achieve our business objectives, hand-in-hand with our sustainability aspirations. As
always, we keep track of the metrics that matter most to our stakeholders in alignment
with the framework of the Global Reporting Initiative (GRI) Standards.

Message from the EDC
President and COO

Bouncing back from a tough year

We tempered our expectations for 2018, given that we began the year with damage to
our facilities as a result of Typhoon Urduja, in December of 2017. Despite this setback, the
concerted efforts of our operational units, and inspired action from our employees,
helped us return our assets to service ahead of schedule. As a result of this, we ended
the year with a recurring income attributable (RNIA) of PhP9 billion, slightly ahead of our
2017 numbers.

We continued to execute our strategy with excellent results. We ended the year above our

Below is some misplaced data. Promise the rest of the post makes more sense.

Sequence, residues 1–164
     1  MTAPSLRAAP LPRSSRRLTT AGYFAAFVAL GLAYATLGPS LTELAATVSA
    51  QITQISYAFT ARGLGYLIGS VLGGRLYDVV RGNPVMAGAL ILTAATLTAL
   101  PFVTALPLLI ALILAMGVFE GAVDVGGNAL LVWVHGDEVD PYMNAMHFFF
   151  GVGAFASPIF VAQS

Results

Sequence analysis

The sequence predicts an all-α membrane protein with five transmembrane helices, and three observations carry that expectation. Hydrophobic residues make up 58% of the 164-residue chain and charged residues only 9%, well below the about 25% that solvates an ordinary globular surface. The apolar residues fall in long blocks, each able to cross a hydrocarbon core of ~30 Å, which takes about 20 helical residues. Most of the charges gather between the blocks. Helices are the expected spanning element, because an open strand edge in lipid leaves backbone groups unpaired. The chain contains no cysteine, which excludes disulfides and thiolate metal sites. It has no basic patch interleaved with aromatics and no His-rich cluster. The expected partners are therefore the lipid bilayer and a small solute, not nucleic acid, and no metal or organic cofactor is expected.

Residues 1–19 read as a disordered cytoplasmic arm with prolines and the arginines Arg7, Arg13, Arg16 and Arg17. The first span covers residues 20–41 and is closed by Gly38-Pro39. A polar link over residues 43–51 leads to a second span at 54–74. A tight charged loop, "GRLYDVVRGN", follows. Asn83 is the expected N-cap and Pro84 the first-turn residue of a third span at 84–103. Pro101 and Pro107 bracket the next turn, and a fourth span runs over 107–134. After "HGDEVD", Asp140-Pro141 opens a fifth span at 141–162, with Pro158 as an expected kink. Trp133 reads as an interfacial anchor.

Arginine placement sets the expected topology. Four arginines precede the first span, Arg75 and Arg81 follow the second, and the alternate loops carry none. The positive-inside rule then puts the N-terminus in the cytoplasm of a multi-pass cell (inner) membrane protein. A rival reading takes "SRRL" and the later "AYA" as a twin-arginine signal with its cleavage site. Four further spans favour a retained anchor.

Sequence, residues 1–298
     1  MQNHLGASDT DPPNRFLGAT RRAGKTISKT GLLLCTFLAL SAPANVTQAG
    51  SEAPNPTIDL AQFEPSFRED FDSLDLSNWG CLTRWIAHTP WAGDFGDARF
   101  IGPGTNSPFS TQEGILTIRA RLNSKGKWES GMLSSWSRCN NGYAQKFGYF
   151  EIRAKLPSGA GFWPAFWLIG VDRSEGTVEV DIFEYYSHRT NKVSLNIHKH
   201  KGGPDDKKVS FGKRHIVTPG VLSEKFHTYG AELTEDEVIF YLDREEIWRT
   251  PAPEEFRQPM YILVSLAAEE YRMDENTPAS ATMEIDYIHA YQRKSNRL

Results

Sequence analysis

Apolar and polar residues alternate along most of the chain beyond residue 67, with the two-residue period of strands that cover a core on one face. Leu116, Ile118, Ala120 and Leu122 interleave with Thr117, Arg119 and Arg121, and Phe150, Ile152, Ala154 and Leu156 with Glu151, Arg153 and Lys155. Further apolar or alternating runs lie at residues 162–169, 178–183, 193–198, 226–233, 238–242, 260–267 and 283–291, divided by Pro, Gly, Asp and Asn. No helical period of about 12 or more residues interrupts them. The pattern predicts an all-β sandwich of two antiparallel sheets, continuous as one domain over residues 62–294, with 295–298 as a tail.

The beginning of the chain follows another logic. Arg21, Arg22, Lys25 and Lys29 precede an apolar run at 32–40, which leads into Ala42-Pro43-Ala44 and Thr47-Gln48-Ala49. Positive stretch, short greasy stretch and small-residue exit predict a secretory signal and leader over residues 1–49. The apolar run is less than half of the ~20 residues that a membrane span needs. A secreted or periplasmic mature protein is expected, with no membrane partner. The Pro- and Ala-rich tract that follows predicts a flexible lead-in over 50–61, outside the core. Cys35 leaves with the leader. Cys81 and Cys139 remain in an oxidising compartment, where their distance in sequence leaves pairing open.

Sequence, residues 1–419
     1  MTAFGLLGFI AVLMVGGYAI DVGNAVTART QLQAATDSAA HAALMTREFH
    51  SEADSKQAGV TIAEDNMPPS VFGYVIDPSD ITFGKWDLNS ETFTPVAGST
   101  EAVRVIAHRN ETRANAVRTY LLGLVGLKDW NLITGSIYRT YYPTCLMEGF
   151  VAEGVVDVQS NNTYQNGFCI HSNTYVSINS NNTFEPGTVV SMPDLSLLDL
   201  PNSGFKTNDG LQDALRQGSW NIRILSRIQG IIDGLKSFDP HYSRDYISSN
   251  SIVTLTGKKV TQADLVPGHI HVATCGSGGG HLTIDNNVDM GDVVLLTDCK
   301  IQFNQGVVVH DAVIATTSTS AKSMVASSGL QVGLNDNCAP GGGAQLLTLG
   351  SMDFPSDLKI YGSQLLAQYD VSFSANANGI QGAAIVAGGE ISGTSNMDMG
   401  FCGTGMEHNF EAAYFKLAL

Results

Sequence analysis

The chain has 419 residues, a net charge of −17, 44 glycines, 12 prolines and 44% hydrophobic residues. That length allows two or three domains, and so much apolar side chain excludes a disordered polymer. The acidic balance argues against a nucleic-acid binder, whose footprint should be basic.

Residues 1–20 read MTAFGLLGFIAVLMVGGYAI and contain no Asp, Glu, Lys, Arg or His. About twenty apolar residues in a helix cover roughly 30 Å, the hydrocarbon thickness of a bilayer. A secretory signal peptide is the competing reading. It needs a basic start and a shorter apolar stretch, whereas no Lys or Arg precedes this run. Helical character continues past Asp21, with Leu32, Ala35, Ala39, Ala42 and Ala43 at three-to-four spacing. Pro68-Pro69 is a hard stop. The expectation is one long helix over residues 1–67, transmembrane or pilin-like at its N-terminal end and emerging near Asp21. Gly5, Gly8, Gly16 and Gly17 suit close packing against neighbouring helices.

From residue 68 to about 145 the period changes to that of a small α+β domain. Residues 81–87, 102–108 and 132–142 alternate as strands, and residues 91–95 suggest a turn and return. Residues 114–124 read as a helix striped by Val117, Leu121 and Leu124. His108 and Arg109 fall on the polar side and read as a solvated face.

target for generation. Our Nasulo and Palinpinon II power plants were also re-certified
for the 40 megawatt (MW) (+10MW) Ancillary Services Procurement Agreement (ASPA),
while our BacMan geothermal facility was fully contracted.

We adopted new ways of working and better practices in our operations with promising
results. For instance, majority of our planned maintenance activities were completed in
60% of the time, versus the previous 5-year averages. Fundamental changes have taken
place, such as the safety and medical clearances of contractors prepared a full month
ahead of the start of the activities, versus the old practice of doing this just prior to day
zero. We have also enhanced our reinjection management strategies to support our
efforts to reduce wasted heat and to ensure the recharge of our geothermal reservoirs.

Message from the EDC
President and COO

Taking the long view on sustainability and profitability